By Gary Dretzka Dretzka@moviecitynews.com
The DVD Wrapup: Drive Angry, Once Upon a Time in the West, Adua & Her Friends, A Clockwork Orange, Undertow, The Joke, Passion Play, Kaboom, Harvest …
Drive Angry: Blu-ray
Apparently, the only person unaware that Nicolas Cage’s career is stuck in replay mode is Cage, himself. If the Oscar-winner is disturbed by how predictable he’s become since “Leaving Las Vegas,” “Honeymoon in Vegas” and “Moonstruck” put him on the A-list – and roles in “Face/Off,” “Adaptation” and “World Trade Center” further demonstrated his range – he’s made precious little effort to get off the wagon. If nothing else, over-familiarity with Cage’s manic shtick has served to steer older audiences away from fine performances “Kick-Ass” and “The Bad Lieutenant: Port of Call-New Orleans,” pictures in which some craziness was demanded of his characters. Too often, lately, directors have merely required of Cage that he a give them variations of his over-the-top Elvis-on-crack impersonation in David Lynch’s nonpareil psycho-thriller, “Wild at Heart,” and that includes PG-rated turns in “The Sorcerer’s Apprentice” and “National Treasure: Book of Secrets.” Considering his appetite for expensive toys, homes and hobbies, all of which have contributed to serious financial problems, Cage probably won’t turn down a well-paying gig any time soon.
For all intents and purposes, “Drive Angry” is a sequel to “Ghost Rider.” Both pictures are populated with minions of Satan, who often find themselves surrounded by flames and the corpses of vanquished souls soon to make his sulfurous acquaintance. Cage plays John Milton, an escaped prisoner of Hell with unfinished business to attend to on Earth. Unless he frees his infant grandchild from the clutches of the cult leader (Billy Burke) who killed his mother, the baby will be sacrificed in advance of an apocalyptic calamity. Trailing Milton is the dapper “Accountant” (a very convincing William Fichtner), assigned by Satan to round up the fugitive. The Accountant possesses powers that are otherworldly, as well as a twisted sense of humor commiserate with his willingness to use them. In desperate need of a cool car, Milton rescues a pretty blond waitress (Amber Heard) from her abusive boyfriend and is allowed to use her Charger. Together, they form a formidable team, if not a love connection, exactly.
The rest of “Drive Angry” is flat-out grindhouse, albeit on a budget estimated to be in the neighborhood of $50 million. While not a fortune, it afforded director Patrick Lussier (“My Bloody Valentine”) almost two hours worth of outrageously staged shootouts, car crashes and bone-breaking. For me, the highlight was an attack on Milton by a platoon of cultists armed with guns, scythes and axes, and various other garden tools. Because Milton is required to beat back his attackers, while in flagrante delicto with a different blond waitress (Charlotte Ross), the degree of difficulty is off the charts. That the waitress’ surgically enhanced boobies don’t move more than half an inch during the five-minute assault, throughout which the two lovers remain conjoined, crosses the border into absurdity (the good kind, though). This scene, alone, is almost worth the price of a rental. Even though “Drive Angry” was released in 3D, it disappointed its financial backers at the domestic box office. It also is available in that format in its video release, but I wouldn’t rush to Best Buy for the opportunity to experience it in 3D. The CGI effects look perfectly fine in hi-def and they’re what “Drive Angry” is all about, anyway. The Blu-ray edition arrives with audio commentary with filmmakers Lussier and writer Todd Farmer; “scene specific” features, including interviews with cast and filmmakers; deleted scenes with commentary; and a “body count” tracer that synopsizes the movie according to the deaths perpetrated by Milton. – Gary Dretzka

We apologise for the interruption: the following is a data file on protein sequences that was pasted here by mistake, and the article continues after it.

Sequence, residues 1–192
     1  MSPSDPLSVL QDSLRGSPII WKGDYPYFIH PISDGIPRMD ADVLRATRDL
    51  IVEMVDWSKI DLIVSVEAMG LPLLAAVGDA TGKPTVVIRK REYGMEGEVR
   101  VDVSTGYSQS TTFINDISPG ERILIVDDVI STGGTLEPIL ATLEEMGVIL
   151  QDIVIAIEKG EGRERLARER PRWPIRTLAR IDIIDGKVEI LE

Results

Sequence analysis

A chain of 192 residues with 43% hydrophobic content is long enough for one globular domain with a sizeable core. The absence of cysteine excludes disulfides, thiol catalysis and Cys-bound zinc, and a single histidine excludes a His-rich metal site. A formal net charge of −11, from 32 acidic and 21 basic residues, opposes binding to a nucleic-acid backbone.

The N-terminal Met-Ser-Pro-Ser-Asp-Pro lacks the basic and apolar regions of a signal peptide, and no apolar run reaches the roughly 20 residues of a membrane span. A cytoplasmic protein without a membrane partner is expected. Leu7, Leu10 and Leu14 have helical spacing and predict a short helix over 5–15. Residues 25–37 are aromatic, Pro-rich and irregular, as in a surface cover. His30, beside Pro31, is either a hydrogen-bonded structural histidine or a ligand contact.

Once Upon a Time in the West: Blu-ray
Adua & Her Friends
It would be difficult for anyone born after 1975 to appreciate just how little Americans trusted anything manufactured in the countries devastated economically in the wake of World War II. In the 1950s and ’60s, products stamped “Made in Japan” were dismissed as junk; only hippies and nerds embraced Volkswagens; and, with the exception of Fellini and the neo-realists, Italian filmmakers were ignored. When Sergio Leone dared make American westerns in Spain, they were labeled “Spaghetti westerns” and ridiculed as trash. (The same thing would happen a few years later when martial arts movies were exported from Hong Kong and Japan.) Over the course of the next decade, slowly, the dissing dramatically disappeared.
“Once Upon a Time in the West,” was made after “A Fistful of Dollars,” “For a Few Dollars More” and “The Good, the Bad and the Ugly” stunned European audiences and made Clint Eastwood an international star. It must have raised eyebrows in Hollywood when it was revealed that Leone would stage much of his epic western in Monument Valley, which John Ford and John Wayne had turned into hallowed ground for film lovers. (It was already hallowed ground for the Navajo and Hopi, of course.) He cast several of Ford’s favorite character actors in roles that would disappear after the first gun fight and hire Henry Fonda and Jason Robards to play heavies. Charles Bronson, familiar only for his performance in “The Dirty Dozen,” would be the anti-hero and Italian bombshell Claudia Cardinale the hooker with a heart of gold. Ennio Morricone’s famously atmospheric score and cinematographer Tonino Delli Colli’s super-tight close-ups were completely foreign, as well.